Samsung launched its new SM951 today, the first M.2 SSD with full support for both PCI-Express 3.0 and the M.2 standard. We’ve discussed M.2 previously — it’s the newest SSD interconnect and it ties storage directly to the PCI-Express bus via the NVMe standard rather than running the communication through the much slower SATA interface.
Currently, only a handful of motherboards offer M.2 slot and the ones that do are limited to just two lanes of PCIe 2.0 connectivity. The SM951, in contrast, is expected to hit a read speed of 2.15GB/s and write performance of up to 1.55GB/s. That’s far faster than PCI-Express 2.0’s typical 1.6GB/s read and 1.35GB/s write, and roughly 4x faster than the top performance you’ll see from a conventional SATA drive.
This slide, shown back in July, is actually outdated as far as performance is concerned, but accurately illustrates expected power consumption. Samsung claims it can drive 450MB/s of read performance and 250MB/s wite performance per watt of power consumption. That means full power will draw somewhere between 4-5W — too much power for mobile systems, certainly, but not much for desktops or servers.
Some of you may remember back to 2009, when Samsung released a marketing video to highlight the potential performance of its SSDs. Back then, the company built an enormous 24-drive RAID 0 that reached a peak sequential performance of just over 2GB/s. Five years later, Samsung’s single PCI-Express 3.0-based drive is hitting those types of numbers in just one card.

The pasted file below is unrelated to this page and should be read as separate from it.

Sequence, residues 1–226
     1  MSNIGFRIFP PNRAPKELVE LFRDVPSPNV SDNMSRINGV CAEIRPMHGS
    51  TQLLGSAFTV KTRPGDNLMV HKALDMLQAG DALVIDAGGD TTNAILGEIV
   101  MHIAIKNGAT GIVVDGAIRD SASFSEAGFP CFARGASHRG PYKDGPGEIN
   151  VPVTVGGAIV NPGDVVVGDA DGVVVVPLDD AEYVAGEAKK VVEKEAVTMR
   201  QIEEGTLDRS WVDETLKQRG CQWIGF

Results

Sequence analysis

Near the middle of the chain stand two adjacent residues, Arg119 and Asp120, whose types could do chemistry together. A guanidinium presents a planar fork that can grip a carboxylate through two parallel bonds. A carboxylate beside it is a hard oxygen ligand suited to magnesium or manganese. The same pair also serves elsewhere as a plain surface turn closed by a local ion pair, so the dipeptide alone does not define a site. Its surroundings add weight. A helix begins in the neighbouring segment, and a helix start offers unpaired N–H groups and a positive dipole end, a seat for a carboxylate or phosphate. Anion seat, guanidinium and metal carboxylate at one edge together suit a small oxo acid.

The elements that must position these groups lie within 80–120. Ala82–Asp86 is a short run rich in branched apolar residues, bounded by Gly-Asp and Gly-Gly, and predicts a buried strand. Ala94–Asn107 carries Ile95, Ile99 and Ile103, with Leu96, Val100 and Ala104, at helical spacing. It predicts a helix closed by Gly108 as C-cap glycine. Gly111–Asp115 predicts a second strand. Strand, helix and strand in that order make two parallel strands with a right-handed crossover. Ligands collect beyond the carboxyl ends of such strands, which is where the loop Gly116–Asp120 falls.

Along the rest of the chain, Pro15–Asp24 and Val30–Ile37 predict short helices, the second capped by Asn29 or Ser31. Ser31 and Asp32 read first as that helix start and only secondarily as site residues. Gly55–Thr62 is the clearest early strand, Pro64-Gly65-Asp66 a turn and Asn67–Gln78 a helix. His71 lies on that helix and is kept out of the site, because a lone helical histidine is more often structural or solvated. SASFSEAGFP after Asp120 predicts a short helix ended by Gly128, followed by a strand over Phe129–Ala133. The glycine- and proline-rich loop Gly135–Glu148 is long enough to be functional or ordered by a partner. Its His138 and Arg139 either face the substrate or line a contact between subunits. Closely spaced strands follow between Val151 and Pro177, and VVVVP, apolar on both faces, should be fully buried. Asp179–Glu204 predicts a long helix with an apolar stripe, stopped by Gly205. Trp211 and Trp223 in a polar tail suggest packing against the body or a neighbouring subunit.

Whether or not PCI-Express 3.0 takes off as an M.2 interface standard is going to be an interesting question. There’s no reason that Intel and AMD couldn’t support it, but manufacturers would need to divert the relatively limited number of PCIe 3.0 lanes away from graphics hardware and over to the interconnect. Given that most gamers prioritize 3D performance over anything else, that’s going to be an intrinsically tough sell. Until Intel and AMD add additional lanes, even customers willing to shuck out for a 1TB drive wouldn’t see that kind of performance without a secondary controller card and a dedicated PCIe 3.0 slot.
For now, this is an industrial drive aimed at major enterprise and business applications, as well as fields like high frequency trading, but it’s not unreasonable to think we could see PCIe 3.0 versions of M.2 in the next few years, particularly since NAND flash is going to be the dominant form of high speed storage for the next 4-5 years.